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Book Review: “Paris, 1220” by John W. Baldwin

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Book Review:  “Paris, 1220” by John W. Baldwin Empty Book Review: “Paris, 1220” by John W. Baldwin

Post  Susan Abernethy on Thu Mar 31, 2016 12:27 am

I love French medieval history so this book looked like it was right up my alley.  John W. Baldwin is Charles Homer Haskins Professor Emeritus of History at Johns Hopkins University and has written many books on French history.  This particular book was originally published in French in 2006.  It was so popular, Stanford University Press decided to publish it in English in 2010.

Using sources only for the years 1190 to 1210 gives Baldwin a laser like focus on this seminal year.  Construction of Notre Dame and the great wall of King Philip Augustus was underway.  Pope Innocent III put the royal domains under interdict in January because the king had tried to put aside his lawful wife, Ingeborg of Denmark.  This uncomfortable state of affairs for the ordinary people lasted for nine months.  The churches were closed, no weddings or burials were performed, no mass was celebrated and no confession was allowed.  King Philip made an important treaty with King John of England and the students of Paris threatened to go on general strike to protest infringements of their rights.

Baldwin gives us an interesting perspective on certain personalities of this time period such as the bourgeoisie who played a role in the king’s government, the working poor, the prostitutes, the king, Pierre the Chanter who directed the choir of Notre Dame and other women of the city.  He tells us how the city was provisioned, who the merchants were, the use of currency and credit, and how trade was imperative to the economy of the city and France.  There is an important chapter on the government of Philip Augustus.  Before he went on Crusade, he set up a bureaucracy to rule in his absence and to collect taxes which was very successful.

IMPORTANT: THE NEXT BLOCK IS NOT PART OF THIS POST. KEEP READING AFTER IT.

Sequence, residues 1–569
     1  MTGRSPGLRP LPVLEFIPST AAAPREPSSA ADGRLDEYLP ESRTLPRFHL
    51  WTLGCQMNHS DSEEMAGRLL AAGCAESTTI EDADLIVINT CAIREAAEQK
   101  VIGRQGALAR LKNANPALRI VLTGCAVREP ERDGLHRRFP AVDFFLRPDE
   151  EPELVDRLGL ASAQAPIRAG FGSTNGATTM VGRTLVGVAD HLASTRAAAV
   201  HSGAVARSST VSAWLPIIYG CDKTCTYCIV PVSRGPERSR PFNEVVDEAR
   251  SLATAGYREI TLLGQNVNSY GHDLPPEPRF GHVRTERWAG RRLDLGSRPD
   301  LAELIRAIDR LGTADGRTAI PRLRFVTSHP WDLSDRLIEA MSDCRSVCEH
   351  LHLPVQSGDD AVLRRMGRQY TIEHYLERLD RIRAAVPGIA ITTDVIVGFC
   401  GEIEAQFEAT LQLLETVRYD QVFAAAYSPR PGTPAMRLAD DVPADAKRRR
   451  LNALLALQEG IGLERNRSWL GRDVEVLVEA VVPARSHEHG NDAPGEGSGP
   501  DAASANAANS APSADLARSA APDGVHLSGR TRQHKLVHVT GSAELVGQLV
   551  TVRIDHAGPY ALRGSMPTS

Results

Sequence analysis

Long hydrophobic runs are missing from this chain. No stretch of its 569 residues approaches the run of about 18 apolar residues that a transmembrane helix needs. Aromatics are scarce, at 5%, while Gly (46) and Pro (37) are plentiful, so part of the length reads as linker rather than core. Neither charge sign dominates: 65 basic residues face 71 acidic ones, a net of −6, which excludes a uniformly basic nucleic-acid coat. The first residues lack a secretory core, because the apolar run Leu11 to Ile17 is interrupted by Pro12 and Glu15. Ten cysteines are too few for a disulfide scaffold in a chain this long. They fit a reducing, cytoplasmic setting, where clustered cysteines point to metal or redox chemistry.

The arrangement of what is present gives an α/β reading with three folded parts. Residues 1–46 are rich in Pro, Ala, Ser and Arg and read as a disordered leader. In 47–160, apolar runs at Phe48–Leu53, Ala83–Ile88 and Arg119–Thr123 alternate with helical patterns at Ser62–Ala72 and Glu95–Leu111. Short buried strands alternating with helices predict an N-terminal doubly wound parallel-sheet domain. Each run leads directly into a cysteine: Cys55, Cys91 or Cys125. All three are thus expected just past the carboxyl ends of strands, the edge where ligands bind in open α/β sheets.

Other sections of the book deal with the church, clergy and religious life and on the operation of the schools in the city.  The details Baldwin gives on the schools is fascinating.  He has gleaned from the documents who the teachers were, the subject matter they taught and what books they used.  He even tells us who the students were, how they lived and especially how they got into a lot of trouble.  

A final chapter deals with everyday life of the people of Paris.  Baldwin gives details about the festivals people celebrated, how they worshipped at Christmas, the tournaments of the aristocracy, the joys of marriage, entertainment such as jongleurs and music, how the people spoke and swore and the art of love.  All of this is very intriguing and really gives a feel for how people lived in the era.

There are some great photos in the book.  Included are miniatures from illuminated manuscripts depicting everyday life and how the clergy lived and worshipped.  There are photos of Notre Dame and a diagram of its choir.  There is a map of Paris from 1200 and other maps and tables.  I really enjoyed this book and learned a lot.  I highly recommend it.
Susan Abernethy
Susan Abernethy

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http://thefreelancehistorywriter.com/

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